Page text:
November 16, 2009

The day John Paul Jones planted the phrase “in harm’s way” into our language


In 1778, American Navy Captain John Paul Jones went to France, hoping to persuade the French government to give him a ship to use in the American colonies’ rebellion against the British.

Toward that end, he wrote a letter to Monsieur Le Ray de Chaumont, dated November 16, 1778. In it, he said:

       “I wish to have no Connection with any Ship that does not Sail fast
        for I intend to go in harm's way.”

His phrase “in harm’s way” has since become a common figure of speech, meaning “in the path of danger.”

Is is most often used to refer to men and women in the military, who are sent “in harm’s way” during wartime.

Not long after Jones wrote his letter to Chaumont, the French government gave him a frigate that he named the Bonhomme Richard.

On September 23, 1779, Jones and the crew of the Bonhomme Richard fought their famous battle off the coast of England against the British war ship Serapis.

At one point, the Bonhomme Richard seemed to be sinking. So, the captain of the Serapis asked Jones if he would surrender.

That’s when Jones supposedly gave his legendary reply: “I have not yet begun to fight.”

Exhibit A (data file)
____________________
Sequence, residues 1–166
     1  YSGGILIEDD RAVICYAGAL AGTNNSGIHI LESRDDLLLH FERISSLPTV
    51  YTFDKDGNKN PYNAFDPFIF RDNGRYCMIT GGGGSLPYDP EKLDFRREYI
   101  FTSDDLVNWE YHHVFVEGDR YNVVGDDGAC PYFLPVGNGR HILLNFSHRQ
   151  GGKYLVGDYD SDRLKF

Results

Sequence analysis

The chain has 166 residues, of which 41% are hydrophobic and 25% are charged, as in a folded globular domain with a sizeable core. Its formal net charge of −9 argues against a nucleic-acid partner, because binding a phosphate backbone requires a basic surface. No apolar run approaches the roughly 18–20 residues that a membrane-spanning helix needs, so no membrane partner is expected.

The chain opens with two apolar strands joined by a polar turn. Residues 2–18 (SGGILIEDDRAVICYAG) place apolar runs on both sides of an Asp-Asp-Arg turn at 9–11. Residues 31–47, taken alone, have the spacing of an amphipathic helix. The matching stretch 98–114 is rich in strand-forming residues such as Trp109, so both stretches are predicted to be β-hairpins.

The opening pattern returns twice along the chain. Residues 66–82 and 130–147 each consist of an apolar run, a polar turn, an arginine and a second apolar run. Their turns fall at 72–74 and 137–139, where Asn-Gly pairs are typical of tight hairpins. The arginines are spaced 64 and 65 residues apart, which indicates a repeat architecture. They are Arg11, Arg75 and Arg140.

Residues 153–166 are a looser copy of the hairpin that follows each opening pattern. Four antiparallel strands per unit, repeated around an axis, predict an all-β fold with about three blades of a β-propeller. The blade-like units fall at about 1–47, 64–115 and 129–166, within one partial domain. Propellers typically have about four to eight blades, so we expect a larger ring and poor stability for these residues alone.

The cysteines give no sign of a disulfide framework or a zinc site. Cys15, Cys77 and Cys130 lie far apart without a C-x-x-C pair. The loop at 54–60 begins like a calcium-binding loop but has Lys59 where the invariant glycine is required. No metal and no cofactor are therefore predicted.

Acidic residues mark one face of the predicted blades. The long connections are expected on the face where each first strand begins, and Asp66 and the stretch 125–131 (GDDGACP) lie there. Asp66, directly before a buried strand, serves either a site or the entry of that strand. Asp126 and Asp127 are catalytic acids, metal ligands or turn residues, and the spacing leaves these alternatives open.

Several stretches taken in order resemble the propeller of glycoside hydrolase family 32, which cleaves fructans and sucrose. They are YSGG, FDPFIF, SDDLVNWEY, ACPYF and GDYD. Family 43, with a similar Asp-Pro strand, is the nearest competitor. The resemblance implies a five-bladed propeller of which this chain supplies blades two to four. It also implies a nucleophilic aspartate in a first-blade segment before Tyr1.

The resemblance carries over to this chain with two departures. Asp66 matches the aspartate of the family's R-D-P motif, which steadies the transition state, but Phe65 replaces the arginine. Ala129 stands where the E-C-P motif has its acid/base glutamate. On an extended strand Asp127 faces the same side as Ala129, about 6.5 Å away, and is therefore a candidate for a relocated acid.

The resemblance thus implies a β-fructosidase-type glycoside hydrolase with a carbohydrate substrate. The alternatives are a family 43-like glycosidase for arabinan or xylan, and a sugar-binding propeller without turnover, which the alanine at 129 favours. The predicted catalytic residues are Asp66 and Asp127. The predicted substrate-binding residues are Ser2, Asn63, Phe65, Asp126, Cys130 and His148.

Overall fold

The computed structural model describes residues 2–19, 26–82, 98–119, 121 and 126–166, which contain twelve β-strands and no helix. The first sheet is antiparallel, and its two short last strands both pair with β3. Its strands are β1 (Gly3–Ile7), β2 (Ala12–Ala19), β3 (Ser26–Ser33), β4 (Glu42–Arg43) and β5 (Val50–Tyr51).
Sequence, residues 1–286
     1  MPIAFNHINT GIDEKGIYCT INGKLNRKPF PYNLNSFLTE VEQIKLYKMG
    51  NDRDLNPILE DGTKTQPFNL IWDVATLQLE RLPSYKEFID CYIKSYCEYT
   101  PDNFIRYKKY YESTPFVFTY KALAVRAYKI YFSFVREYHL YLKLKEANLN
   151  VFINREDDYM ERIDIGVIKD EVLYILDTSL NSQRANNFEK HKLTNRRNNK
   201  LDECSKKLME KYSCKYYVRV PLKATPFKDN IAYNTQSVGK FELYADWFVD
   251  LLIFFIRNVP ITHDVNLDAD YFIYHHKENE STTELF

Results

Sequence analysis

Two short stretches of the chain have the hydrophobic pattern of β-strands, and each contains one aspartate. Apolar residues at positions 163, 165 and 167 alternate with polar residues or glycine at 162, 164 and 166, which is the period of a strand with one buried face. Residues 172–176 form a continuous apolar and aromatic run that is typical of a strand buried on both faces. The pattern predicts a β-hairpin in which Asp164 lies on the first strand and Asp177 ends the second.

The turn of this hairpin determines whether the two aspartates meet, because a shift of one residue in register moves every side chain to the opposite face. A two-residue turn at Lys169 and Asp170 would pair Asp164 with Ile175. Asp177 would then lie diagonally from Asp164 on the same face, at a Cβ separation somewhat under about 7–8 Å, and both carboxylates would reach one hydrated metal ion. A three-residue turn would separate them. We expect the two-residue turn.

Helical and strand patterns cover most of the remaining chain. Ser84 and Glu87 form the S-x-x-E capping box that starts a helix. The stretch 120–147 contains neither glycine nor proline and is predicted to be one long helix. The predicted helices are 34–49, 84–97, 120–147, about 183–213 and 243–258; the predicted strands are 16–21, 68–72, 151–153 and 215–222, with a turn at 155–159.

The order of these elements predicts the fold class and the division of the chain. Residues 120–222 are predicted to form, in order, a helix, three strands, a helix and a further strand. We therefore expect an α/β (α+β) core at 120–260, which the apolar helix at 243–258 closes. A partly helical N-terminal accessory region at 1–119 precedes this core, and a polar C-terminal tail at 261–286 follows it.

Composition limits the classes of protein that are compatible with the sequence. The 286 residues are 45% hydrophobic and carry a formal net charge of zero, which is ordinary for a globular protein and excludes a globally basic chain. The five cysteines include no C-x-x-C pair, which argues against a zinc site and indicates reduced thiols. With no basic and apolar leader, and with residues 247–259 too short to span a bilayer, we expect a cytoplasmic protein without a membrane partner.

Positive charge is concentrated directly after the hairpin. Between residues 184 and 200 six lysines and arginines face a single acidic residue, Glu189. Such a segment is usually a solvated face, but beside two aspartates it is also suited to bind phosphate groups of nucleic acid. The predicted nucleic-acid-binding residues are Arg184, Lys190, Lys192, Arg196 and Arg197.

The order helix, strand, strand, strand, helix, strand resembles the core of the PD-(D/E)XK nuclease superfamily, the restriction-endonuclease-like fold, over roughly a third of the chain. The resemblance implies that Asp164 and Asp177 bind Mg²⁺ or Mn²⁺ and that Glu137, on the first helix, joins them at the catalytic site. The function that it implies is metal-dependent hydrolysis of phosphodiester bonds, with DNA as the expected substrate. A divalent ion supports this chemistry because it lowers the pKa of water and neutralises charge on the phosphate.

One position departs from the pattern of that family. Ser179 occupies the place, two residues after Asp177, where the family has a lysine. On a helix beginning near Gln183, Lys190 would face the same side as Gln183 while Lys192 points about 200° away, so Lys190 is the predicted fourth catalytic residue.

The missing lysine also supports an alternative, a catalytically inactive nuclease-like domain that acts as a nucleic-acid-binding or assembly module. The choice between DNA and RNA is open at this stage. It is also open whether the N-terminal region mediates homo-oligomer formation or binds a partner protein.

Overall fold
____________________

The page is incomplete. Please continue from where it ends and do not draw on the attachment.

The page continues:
After lashing the Bonhomme Richard to the Serapis and fighting ferociously, the Americans won the battle and the crew of the Serapis surrendered to them.

In 1962, James Bassett’s bestselling World War II novel, Harm's Way, helped make this term taken from Jones’s letter more widely used than ever.

In 1965, the novel was made into an epic movie under the title In Harm's Way, further enhancing the use and recognition of the phrase.

I haven’t read the novel, but I have seen the movie. If you haven’t, you should.

In Harm’s Way is justifiably considered one of the greatest war movies ever made. It was produced and directed by Otto Preminger and stars John Wayne, Kirk Douglas, Henry Fonda, Patricia Neal, Tom Tryon, Paula Prentiss and Dana Andrews.

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